A board member of the group, Ezenwa Nwagwu held the view in Awka during a post-election reflection meeting with leaders of Civil Society Organizations.
Nwagwu reiterated that the ugly trend was not necessarily occasioned by insecurity that had always heralded elections in the past, but growing disconnect between the government and the masses, saying it is time populace held government to account to bridge the gap.
He said: “Election is over. Now we have to watch governance and the only way to do that is to clearly design pathways through which we can hold the government accountable.
“One of the ways is for the citizens to engage the government with budget process. Government every year estimates what it uses the people’s resources to do for them.
“Unfortunately, the people involved don’t show any interest, and four years later, the same people will start complaining that government has failed, even when there was nothing to track.
“We need to see how the Media and Civil Society groups can collaborate and produce what I call a citizen charter demand that they can hand over to the new Governor-elect.
“They can liaise with other professional bodies to conduct infrastructural assessment in the state and use that as a document to organize a town-hall meeting to engage government officials.”
Nwagwu also identified what he termed “fear and complaint industries” as major impediments to the growth and development of the state, insisting that the two factors must be shut to enable people of the state enjoy democracy dividends.
He added: “We need to close up the two industries of fear and complaint that have gripped the state, especially after the election so people can leverage the benefits of governance.
“If we continue with this scare-mongering and complaints, we will only succeed in having few persons taking over the government and dictating the pace.”

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CVR: Fresh Registrations Hit 4.2m

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The Independent National Electoral Commission (INEC) said that fresh registration in the ongoing Continuous Voter Registration (CVR) has hit 4,297,494.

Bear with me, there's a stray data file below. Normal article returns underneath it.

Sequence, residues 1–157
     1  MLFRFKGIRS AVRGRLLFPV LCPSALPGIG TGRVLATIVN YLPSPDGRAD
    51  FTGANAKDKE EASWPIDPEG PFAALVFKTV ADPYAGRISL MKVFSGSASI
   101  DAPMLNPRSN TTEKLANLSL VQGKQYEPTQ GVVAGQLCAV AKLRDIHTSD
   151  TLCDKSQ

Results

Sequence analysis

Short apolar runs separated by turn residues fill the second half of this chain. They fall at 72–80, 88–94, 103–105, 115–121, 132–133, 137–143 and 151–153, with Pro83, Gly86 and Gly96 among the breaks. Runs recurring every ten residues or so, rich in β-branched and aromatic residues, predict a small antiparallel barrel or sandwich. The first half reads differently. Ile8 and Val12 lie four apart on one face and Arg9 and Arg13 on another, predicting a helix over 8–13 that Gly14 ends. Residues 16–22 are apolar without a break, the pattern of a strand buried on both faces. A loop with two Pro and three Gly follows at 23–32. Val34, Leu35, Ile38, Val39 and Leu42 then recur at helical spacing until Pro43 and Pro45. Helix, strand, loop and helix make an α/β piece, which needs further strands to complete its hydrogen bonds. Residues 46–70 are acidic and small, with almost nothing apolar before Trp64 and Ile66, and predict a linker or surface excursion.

The commission disclosed this in the second quarter, week seven, weekly update released by the commission in Abuja recently.
The commission said that as at 7 a.m. on Monday, November 22, 1,856,771 persons have completed their online and physical registration.
According to statistics provided by the commission, 1,856,771 persons who completed their registration, include 941,098 males, 915,673 females.
It also added that 741,183 persons completed their registration online, while 1,115,588 completed it through physical registration.

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Saraki Visits Benue Over Presidential Ambition 

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A former President of the Senate, Dr Bukola Saraki, has visited Governor Samuel Ortom of Benue State over his ambition to vie for President in 2023.
Saraki, after a close door meeting with Governor Ortom, also met with the State Working Committee members of the Peoples Democratic Party (PDP) to familiarise them with his intention to kick start consultations for his ambition to rule the country.
He said that the nationwide defection of party loyalists from the All Progressives Congress (APC) to the PDP was an indication that there might not be anyone left in the party before the next election.
“A party that cannot organise its affairs has no business leading this country. A party that has organised its affairs is ready in leading this country and that is the PDP,” he said.
Saraki added that the North Central Zone has paid its dues by working so hard in keeping the country together as one united entity just as he pointed out that, “this time we must stand for our own and charity begins at home.”
The ex -senate president, who was accompanied on the visit by former Governor of Kogi State, Idris Wada, former National Chairman of the PDP, Kawu Baraje, Senator Suleiman Adokwe and Prof Iyorwuese Hagher, Chairman of Council, Saraki for President Campaign, thanked the Benue governor for standing out for the zone.
Earlier, Governor Ortom, eulogised Saraki for being one of those Nigerians that had contributed immensely to the development of democracy.
Ortom said it was time to rescue the country from bottom, a position it was placed by the APC government, to the top, adding that Saraki deserves the presidential seat to enable him salvage the country from its current mess.
On his part, the State Chairman of the PDP, Sir John Ngbede, represented by his deputy, Isaac Mfo, said the party in the state had remained intact even as he assured the presidential hopeful that they would back his ambition to rule the country.